Intelligent Video Redaction is a Reality Today

Tom Scanland, SVP Sales & Marketing, redactX
Tom Scanland, SVP Sales & Marketing, <a href='https://www.cioreview.com/redactx' rel='nofollow' target='_blank' style='color:blue !important'>redactX</a>

Tom Scanland, SVP Sales & Marketing, redactX

Privacy protection has been a hot topic the last few years.  Laws and mandates have been put in placeto ensure that the privacy of individuals is protected in a number of circumstances.  For instance, in the healthcare industry it is required that patient information be protected under the Health Insurance Portability and Accountability Act (HIPAA).  This law is complex and applies to all forms of data (structured data, documents, videos, images, audio, etc.)  For instance, a video recording of a surgical operation may be created and shared for training purposes, or perhaps submitted for doctor certification purposes.  When that happens, the identity of the patient, doctors and nurses in the operating room should not be disclosed.  This means creating a copy of the original video where faces, text writings on whiteboards, name badges, etc. are blurred.  Anything that could be used to identify a person needs to be blurred out as per HIPAA.  In another example, if the doctor holds a telehealth session with a patient, and that session’s video is recorded and stored, then any subsequent disclosure should blur-out patient identifying information (their face, the faces of others in the background, spoken information such as the patient’s name, chart number, address, etc.).  As the healthcare industry embraces the use of video in its operations, the ability to comply and demonstrate compliance with HIPAA requirements have become a significant consideration in terms of cost and time.

Similar requirements apply to other industries.  For instance, in the case of law enforcement, body-worn cameras record officers’ work throughout the day.  Often these videos are used by both prosecutors and defense attorneys in court, and if so the privacy of bystanders, informers, officers, etc. needs to be protected.  Faces, license plates, spoken words, etc. that are not strictly relevant to the case need to be redacted out before the material can be shared with the courts, juries, and the public.  Typically, police are allowed only a handful of days to respond to requests for evidence, so quick and accurate de-identification is important.  Similarly, Government organizations are required to respond to a growing number of FOIA requests.  This entails a manual redaction process that takes time and particular care/approvals when sensitive information is involved.  The task only grows in complexity when media files are involved.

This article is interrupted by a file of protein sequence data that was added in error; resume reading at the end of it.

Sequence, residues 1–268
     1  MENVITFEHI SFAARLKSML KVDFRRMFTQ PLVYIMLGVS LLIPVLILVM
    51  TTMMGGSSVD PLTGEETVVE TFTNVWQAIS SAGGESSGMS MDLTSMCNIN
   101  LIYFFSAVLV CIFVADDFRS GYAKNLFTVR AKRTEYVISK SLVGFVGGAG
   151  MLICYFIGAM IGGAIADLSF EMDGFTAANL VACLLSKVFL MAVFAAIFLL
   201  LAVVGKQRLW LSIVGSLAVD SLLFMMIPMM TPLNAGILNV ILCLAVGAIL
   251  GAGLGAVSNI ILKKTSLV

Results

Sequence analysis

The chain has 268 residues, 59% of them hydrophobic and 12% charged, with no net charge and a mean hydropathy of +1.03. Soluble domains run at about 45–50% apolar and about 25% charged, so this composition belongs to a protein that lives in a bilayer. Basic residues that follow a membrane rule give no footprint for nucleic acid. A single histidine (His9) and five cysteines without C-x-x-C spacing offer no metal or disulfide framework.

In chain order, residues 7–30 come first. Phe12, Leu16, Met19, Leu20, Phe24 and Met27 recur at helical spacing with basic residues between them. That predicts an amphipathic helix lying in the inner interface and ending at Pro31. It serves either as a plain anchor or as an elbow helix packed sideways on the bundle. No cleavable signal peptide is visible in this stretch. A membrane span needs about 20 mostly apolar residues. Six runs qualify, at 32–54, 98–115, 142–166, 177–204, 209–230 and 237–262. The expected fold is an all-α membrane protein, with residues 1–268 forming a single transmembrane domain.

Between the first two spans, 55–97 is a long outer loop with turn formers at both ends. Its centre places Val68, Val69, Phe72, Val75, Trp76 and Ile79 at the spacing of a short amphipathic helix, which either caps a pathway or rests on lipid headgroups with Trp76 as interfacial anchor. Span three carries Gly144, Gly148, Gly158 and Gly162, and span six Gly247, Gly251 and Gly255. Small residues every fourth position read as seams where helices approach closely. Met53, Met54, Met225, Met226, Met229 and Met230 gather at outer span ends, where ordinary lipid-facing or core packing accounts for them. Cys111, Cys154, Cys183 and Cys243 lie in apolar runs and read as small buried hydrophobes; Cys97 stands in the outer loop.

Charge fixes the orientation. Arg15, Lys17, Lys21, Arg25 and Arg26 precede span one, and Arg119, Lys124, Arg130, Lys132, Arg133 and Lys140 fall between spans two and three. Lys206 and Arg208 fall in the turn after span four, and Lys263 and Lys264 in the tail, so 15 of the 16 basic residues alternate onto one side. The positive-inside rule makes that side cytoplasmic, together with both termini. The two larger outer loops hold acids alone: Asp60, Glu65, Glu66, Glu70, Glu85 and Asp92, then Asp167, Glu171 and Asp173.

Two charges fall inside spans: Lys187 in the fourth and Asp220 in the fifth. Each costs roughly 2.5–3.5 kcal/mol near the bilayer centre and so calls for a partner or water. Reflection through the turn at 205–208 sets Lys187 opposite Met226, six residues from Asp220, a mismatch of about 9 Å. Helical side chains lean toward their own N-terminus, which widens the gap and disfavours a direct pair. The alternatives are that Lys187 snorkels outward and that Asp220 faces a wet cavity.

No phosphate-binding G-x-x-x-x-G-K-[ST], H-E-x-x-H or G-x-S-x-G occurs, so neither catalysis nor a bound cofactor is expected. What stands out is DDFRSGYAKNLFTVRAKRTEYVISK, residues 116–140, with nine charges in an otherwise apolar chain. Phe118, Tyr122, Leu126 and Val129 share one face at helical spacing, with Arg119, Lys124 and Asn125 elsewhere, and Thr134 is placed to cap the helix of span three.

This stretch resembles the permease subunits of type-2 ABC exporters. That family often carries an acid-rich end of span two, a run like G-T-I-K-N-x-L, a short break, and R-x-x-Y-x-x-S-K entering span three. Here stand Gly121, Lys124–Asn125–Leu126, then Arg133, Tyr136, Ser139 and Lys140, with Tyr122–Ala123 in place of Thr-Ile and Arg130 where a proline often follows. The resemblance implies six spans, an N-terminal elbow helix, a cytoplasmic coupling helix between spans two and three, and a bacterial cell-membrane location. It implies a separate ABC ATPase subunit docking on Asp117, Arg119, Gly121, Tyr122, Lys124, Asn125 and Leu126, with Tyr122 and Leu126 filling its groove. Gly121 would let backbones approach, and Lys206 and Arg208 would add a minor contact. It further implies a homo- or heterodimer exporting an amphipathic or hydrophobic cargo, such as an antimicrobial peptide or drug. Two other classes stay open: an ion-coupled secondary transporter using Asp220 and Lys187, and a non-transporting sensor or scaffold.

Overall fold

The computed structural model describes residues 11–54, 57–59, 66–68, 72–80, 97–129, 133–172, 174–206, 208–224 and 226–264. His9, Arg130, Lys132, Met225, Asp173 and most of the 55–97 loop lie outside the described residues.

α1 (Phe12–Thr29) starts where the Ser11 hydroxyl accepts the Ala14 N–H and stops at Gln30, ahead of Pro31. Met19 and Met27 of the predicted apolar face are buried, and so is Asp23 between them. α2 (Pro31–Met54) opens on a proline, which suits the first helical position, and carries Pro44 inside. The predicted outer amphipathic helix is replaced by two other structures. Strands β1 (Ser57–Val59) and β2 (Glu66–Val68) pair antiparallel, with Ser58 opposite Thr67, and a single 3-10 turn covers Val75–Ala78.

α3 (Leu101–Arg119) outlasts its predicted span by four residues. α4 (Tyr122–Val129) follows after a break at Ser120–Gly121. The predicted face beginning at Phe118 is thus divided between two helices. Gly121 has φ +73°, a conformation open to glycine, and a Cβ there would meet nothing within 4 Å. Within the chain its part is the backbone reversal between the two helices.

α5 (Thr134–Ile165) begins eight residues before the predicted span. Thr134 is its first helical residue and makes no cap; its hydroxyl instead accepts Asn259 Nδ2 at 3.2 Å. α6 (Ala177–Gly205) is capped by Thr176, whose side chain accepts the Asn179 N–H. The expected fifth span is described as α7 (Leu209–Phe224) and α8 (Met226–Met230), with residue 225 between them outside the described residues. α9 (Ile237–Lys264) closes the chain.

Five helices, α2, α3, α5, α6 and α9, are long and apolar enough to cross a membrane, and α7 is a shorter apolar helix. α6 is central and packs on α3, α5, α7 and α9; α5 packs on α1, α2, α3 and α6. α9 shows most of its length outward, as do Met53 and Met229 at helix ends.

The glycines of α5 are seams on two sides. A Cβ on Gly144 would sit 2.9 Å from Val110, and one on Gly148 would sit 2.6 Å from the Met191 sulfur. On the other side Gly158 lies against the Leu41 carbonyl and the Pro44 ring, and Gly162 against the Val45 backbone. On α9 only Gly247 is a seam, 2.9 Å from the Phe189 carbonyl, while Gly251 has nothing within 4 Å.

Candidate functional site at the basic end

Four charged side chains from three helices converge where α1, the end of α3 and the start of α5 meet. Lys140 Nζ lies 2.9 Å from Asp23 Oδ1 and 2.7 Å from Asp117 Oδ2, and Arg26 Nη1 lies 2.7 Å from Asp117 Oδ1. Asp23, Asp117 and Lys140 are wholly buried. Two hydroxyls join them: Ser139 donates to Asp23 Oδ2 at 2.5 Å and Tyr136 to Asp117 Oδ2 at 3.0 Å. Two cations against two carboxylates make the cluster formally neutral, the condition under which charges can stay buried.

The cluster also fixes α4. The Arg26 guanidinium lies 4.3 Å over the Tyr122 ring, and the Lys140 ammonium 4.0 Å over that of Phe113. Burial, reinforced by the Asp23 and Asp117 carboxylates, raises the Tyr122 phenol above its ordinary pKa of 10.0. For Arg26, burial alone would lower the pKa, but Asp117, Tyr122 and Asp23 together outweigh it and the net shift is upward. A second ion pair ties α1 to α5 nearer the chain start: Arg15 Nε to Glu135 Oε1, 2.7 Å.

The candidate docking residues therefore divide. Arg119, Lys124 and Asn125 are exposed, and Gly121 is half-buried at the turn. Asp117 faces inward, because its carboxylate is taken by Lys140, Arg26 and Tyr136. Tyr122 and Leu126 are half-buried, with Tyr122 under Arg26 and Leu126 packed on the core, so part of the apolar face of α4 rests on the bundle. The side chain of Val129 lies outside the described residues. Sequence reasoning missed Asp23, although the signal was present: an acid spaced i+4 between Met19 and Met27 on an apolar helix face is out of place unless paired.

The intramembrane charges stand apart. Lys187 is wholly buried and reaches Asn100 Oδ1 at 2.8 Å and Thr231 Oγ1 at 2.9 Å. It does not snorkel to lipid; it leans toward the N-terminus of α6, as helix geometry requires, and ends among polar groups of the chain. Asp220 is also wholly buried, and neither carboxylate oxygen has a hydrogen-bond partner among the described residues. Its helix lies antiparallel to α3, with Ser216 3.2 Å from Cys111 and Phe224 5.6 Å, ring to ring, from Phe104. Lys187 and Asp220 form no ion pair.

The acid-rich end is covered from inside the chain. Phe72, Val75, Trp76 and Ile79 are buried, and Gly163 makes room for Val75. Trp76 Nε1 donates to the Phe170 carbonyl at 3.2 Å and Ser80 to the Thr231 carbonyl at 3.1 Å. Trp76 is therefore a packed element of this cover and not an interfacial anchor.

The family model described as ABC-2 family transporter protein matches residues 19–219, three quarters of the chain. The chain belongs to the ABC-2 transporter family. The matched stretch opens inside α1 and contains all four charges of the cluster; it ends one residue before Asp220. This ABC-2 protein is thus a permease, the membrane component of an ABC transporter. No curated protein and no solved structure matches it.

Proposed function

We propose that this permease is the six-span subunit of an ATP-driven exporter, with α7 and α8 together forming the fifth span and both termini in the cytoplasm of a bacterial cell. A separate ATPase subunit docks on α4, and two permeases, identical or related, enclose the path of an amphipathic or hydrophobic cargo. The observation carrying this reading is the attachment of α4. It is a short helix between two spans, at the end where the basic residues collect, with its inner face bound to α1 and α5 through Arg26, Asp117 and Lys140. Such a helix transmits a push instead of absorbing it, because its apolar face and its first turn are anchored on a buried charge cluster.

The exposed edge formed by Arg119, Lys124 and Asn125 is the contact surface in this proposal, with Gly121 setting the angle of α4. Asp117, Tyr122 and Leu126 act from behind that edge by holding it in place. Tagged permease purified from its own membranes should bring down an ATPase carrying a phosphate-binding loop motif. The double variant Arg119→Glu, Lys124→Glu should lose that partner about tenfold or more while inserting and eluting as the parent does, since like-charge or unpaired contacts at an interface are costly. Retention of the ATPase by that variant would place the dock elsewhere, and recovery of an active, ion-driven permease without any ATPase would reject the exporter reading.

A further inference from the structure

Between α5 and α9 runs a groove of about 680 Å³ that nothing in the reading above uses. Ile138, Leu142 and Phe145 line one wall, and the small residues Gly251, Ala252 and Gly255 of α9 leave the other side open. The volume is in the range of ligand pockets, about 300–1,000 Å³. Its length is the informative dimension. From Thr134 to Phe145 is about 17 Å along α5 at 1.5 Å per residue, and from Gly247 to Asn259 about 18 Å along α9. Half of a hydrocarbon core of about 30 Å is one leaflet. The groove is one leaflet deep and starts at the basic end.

The need to protect privacy extends to other environments such as newscasts and the reality-TV industry, where faces of minors or bystanders cannot be shown without specific authorization obtained from the affected individual.

It’s clear that requirements about personal privacy protection are here to stay and will only grow going forward.  Meeting these requirements when dealing with images and videos is a complex and time-consuming matter.

For the most part, video editing software has been a manual process, drawing boxes around the things we want to obfuscate.  Unfortunately, there are many frames in a video, so lots of boxes must be drawn to cover the video sequence.  This is extremely time consuming and labor intensive.  To further complicate matters, there is a significant learning curve associated with operating most video editing software packages.  In other words, one needs specialists to do this work and not everyone can adjust to it easily or quickly.  Some level of automation is available in the more sophisticated video editing systems.  Some features try to automatically track a group of pixels from one frame to the next until it disappears or morphs into something visually different.  The basic idea is that the user marks the start and endpoint of a rectangle on the screen draws and the software tries to fill in the gap.  Unfortunately, video tracking is a complex technical subject, and it seldom works well, in particular when the sequence is longer than just a few frames, or when the characteristics of the video are not ideal (brightness, contrast, resolution, texture, etc.).  It is common for tracked rectangles to “drift” and blur something other than what the user intended.